Vicon Valerus Powers Responsive Statewide Surveillance Solution

Vicon’s Valerus VMS was chosen for its affordable licensing, web-based, thin-client interface, range of features and true open standards to update a Mexican state’s surveillance solution.

CULIACAN, Mexico — Upgrading a surveillance system isn’t always the easiest job. Combining a disparate citywide surveillance system into one statewide platform? Now that sounds like a daunting task.

The Mexican state of Sinaloa has surveillance solutions in all of its major cities. However, the state recognized the need for a more secure, responsive environment capable of providing a single-seat view of their entire security domain.

Sinaloa’s Secretary of Innovation M.C. Jose de Jesus Galvez wanted to create the state’s first unified security solution that he hopes can become a model for all of Mexico.

The new statewide initiative combines these disparate citywide systems within a single platform, allowing for greater coordination between all municipalities and their law enforcement agencies.

The solution, made possible through the combined effort of Vicon´s technical team and value-added-resellers in Sinaloa, is built upon Vicon’s new 100% web-based and true open standards video management solution, Valerus.

Finding an Affordable Solution

A major hurdle facing the state was overcoming a lack in financial resources to pay for a new solution. Galvez says that Vicon’s Valerus was able to provide a centralized system with localized control and operation that was flexible enough to work with much of the equipment that was already in place in each city.

Valerus offered the state a completely web-based, thin-client interface, system-wide health monitoring capabilities and true open standards. The cost to purchase and install Valerus was also less than for other video management systems, providing long-term, recurring savings that can be invested in additional equipment and system expansion over time.

Culiacan, the state’s capital and largest city, has its fair share of challenges when it comes to keeping cameras up and running due to criminals regularly trying to disable or remove them.

M.C. Jose de Jesus Galvez, Secretary of Innovation

“We actually had a situation where a camera was installed at a traffic intersection, and by the time we got back to the command center to connect it to the video management system, it was already gone!” says Vicon’s technical team.

Valerus has a built-in health dashboard to keep track of the status of all cameras, even in an installation of this size. It also provides performance data for all NVRs, the application server and transmission network.

“The monitoring dashboard helps us to identify bottlenecks, communication issues between cameras and NVRs and, most importantly, how much bandwidth we are consuming,” say Galvez.

He also explains how the system can aid in disputes with insurance companies: “When a camera is taken out due to vandalism, we can prove to the insurance carrier that it was fully functional just prior to the incident. This makes it possible to get the camera replaced immediately.”

Galvez says Vicon’s thin client provides tremendous value. “In the past, every time an upgrade was released, we spent a lot of time and money bringing all of the system’s PCs up to speed. With the Valerus thin client, all of that has been eliminated. The only hardware that requires a software upgrade is the application server. The monitoring stations are always current and require no maintenance whatsoever.”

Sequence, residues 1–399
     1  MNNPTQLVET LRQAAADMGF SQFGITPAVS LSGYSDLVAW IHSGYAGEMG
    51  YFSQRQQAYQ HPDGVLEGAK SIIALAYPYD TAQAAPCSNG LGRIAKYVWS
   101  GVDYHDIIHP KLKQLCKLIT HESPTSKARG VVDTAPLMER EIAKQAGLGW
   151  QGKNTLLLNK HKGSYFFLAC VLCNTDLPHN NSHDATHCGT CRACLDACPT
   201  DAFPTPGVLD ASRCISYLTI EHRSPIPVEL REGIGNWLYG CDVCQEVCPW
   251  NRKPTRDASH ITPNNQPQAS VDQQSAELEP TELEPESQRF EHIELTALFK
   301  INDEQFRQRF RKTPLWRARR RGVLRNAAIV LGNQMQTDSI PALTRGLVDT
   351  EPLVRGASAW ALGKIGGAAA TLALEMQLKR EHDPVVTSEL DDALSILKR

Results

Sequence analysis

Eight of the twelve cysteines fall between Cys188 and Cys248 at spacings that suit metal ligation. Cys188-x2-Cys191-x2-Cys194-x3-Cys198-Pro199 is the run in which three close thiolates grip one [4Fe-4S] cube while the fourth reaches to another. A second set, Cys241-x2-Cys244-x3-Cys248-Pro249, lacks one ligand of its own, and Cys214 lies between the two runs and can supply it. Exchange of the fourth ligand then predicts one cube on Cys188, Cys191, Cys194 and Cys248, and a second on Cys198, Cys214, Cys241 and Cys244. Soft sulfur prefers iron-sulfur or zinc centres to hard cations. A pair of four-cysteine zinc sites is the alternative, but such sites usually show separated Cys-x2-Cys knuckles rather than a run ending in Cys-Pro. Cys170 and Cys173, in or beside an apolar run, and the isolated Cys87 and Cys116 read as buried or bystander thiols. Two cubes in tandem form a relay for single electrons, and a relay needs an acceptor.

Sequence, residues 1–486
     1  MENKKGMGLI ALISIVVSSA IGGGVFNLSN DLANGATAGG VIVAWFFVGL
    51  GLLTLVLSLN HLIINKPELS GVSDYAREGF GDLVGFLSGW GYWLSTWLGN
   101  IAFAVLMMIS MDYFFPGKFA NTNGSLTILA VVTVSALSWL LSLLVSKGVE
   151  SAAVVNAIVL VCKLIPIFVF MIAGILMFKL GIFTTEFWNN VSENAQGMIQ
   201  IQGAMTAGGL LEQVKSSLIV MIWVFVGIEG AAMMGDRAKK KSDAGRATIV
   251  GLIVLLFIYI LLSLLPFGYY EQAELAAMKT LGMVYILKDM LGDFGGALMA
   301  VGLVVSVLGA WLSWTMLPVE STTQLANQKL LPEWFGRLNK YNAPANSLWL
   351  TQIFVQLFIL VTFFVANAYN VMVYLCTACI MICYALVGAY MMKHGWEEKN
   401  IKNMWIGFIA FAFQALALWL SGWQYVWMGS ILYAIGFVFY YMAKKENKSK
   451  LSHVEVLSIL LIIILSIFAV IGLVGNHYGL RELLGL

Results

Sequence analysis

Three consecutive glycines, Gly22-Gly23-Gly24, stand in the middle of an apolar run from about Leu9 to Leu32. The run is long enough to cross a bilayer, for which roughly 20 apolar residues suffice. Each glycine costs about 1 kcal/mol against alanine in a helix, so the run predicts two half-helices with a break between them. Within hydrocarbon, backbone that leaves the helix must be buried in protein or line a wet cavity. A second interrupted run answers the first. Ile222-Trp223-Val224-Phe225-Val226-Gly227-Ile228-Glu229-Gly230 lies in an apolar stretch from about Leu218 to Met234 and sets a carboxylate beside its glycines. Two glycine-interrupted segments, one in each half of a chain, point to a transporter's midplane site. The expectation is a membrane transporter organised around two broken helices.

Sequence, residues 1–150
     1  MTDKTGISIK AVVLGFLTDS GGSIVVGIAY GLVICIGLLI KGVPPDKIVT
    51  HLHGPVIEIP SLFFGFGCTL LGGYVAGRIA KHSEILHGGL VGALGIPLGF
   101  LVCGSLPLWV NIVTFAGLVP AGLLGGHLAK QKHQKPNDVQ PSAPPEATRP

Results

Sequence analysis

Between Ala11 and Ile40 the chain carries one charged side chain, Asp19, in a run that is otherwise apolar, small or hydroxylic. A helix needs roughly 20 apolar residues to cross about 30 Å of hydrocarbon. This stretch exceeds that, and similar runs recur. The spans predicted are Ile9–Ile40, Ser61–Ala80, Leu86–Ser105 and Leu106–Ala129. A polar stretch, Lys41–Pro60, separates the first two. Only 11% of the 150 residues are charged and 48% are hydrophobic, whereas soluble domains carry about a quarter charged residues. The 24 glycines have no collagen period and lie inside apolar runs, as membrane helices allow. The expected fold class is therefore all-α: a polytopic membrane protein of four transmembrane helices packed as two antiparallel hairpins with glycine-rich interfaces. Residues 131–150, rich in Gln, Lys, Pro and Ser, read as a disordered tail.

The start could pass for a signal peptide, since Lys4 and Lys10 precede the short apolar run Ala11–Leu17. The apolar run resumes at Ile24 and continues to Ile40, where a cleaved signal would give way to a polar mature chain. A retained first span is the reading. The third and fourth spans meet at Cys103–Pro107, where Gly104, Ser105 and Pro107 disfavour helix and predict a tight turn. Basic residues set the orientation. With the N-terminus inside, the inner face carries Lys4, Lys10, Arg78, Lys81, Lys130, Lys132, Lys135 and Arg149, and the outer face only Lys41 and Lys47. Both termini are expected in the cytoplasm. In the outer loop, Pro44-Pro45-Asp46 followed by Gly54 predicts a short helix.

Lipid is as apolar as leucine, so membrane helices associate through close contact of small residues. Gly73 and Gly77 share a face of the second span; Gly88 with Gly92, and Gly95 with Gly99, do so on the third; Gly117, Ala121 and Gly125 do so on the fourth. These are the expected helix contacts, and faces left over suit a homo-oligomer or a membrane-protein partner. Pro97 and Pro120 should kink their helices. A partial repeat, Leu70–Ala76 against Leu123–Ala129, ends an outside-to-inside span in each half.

Valerus also does not require any annual relicensing of cameras. Considering the amount of cameras deployed in the state, this makes a huge impact on its bottom line. Culiacan, alone, has over 1000 surveillance cameras in place.

Integration and Control

Being built upon open standards, Valerus allows for integration with a wide range of software that provides additional layers to surveillance operation, for example, license plate recognition (LPR).

Culiacan has over 800 specialty cameras connected to its LPR system. Vicon engineers custom-designed and manufactured these cameras for the city in order to meet the specifications of the LPR software already in place, made by Spain’s Neural Labs.

The city is now looking into facial recognition technology, as well as gunshot detection and panic buttons throughout the community that can automate emergency response procedures and summon assistance from law enforcement.

At a brand new, state-of-the-art control center, video footage from cameras is received over a citywide, high-speed fiber optic network displayed at full 30 frame-per-second video.

The Valerus system makes it possible to share video across departments, facilitating more collaborative and successful response efforts.

For example, operators within the city’s equivalent of a “911” call center, although a separate division from the city police, can request access to cameras located within the vicinity of an emergency call, so as to share video with ambulance teams and other first responders being sent to the scene.

Moving Forward

With about 1800 cameras currently in place throughout Culiacan made up of surveillance and LPR systems, the city is on its way to its vision of approximately 4800 total cameras.

Work has also begun in Mazatlan and Los Mochis, two other Sinaloa cities that will eventually be part of the statewide network.

“This is a very ambitious project for us,” says Galvez. “We hope to use every function of Valerus to help lower the crime rate and better protect the citizens of Sinaloa. We understand that video isn’t the only way we will achieve this, but it’s a very important part and can help us bring other systems together to be more effective. We’re excited about the possibilities.”

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